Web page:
Ambitious plans to create a nationwide network of 150 offices to tackle self-assessment forms collapsed this week due to public apathy.
British Taxpayers Association Self Assessment, a division of BTA, looks set to be wound up in the next month, only a year after managing director Geoffrey Adams outlined his plans to corner 10% of the self-assessment market with a network of offices and a #1m marketing campaign.
In a letter to shareholders, prior to a meeting in three weeks, BTA chairman Alan Richardson said: ‘Your board has reluctantly decided to recommend a members’ voluntary winding-up order while the company is still solvent.’
Richardson blamed the collapse on a lack of public interest in self-assessment services. ‘The trading of the company, apparently in common with others seeking to serve the self-assessment tax market, has been below our lowest expectations. Prospects for the next tax season are almost impossible to predict because the financial return on advertising and PR has been negligible.’
A lack of interest at the time of the filing deadlines convinced Richardson to pull out.
Other self-assessment firms were surprised by the decision. Peter Back, director of SimpliTax, Horwath Clark Whitehill’s self-assessment arm, said: ‘Everyone knew it would take three years for the market to settle down, and there are still thousands of taxpayers who haven’t filed returns.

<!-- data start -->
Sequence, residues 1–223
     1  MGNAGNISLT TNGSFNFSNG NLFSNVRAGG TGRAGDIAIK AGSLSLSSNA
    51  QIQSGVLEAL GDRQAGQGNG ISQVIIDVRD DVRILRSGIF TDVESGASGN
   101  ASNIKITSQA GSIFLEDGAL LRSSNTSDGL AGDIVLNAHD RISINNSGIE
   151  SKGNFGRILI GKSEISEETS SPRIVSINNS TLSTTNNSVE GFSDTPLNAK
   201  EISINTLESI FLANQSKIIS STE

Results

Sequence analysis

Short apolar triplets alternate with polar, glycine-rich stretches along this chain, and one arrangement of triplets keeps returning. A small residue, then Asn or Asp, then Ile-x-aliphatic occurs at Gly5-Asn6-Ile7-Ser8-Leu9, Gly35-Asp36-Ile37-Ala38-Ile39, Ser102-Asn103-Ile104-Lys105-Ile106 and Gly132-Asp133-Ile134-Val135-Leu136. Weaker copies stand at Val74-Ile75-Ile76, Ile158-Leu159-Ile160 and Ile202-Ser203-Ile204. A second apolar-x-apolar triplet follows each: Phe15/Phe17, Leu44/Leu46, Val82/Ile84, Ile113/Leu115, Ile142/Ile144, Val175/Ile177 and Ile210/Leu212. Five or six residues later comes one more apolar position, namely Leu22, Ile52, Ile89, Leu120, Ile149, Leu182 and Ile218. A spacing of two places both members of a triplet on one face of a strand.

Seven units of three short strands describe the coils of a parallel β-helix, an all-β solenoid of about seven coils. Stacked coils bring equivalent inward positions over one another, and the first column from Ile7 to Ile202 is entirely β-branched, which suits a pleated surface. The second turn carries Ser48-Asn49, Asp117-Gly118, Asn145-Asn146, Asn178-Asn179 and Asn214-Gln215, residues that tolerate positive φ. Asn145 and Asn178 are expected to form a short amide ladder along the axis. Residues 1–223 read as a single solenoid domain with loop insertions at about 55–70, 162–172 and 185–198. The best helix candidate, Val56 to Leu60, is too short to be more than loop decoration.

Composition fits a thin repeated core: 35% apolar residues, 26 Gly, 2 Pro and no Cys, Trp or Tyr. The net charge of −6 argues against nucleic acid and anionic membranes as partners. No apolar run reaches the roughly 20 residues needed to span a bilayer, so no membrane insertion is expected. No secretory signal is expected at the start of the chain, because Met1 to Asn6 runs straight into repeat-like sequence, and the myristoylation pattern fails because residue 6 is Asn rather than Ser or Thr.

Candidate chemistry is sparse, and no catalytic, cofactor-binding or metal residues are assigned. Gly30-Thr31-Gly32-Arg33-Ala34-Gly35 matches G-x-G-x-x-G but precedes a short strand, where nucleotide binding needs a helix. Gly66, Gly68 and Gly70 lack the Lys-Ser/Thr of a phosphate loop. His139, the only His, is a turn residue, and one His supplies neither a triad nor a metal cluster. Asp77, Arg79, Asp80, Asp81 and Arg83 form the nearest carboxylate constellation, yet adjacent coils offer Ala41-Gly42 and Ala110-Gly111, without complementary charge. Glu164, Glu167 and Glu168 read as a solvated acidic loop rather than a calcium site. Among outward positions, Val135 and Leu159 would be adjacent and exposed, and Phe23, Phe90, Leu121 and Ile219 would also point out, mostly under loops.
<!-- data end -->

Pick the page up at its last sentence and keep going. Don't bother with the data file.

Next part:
‘We make a distinction between contract work and the retail side. The retail area has been slow, but not dire, although we are sheltered by the contract side. We also have lower overheads than BTA because most (85%) of our people go out to the customers.’
Bruce Lawson, director of Self Assessment for Tax, said some UK taxpayers were ‘prepared to struggle through on their own’.
But Geoffrey Adams, managing director of BTA Self Assessment, said: ‘Unlike the other companies we have a responsibility to external shareholders and we have to publish figures.
‘I’m satisfied no-one else has a magic formula we have not found. We gave the public an opportunity to take the best service at a good price, but the public chose to do something different – or nothing, as the case may be,’ he said.
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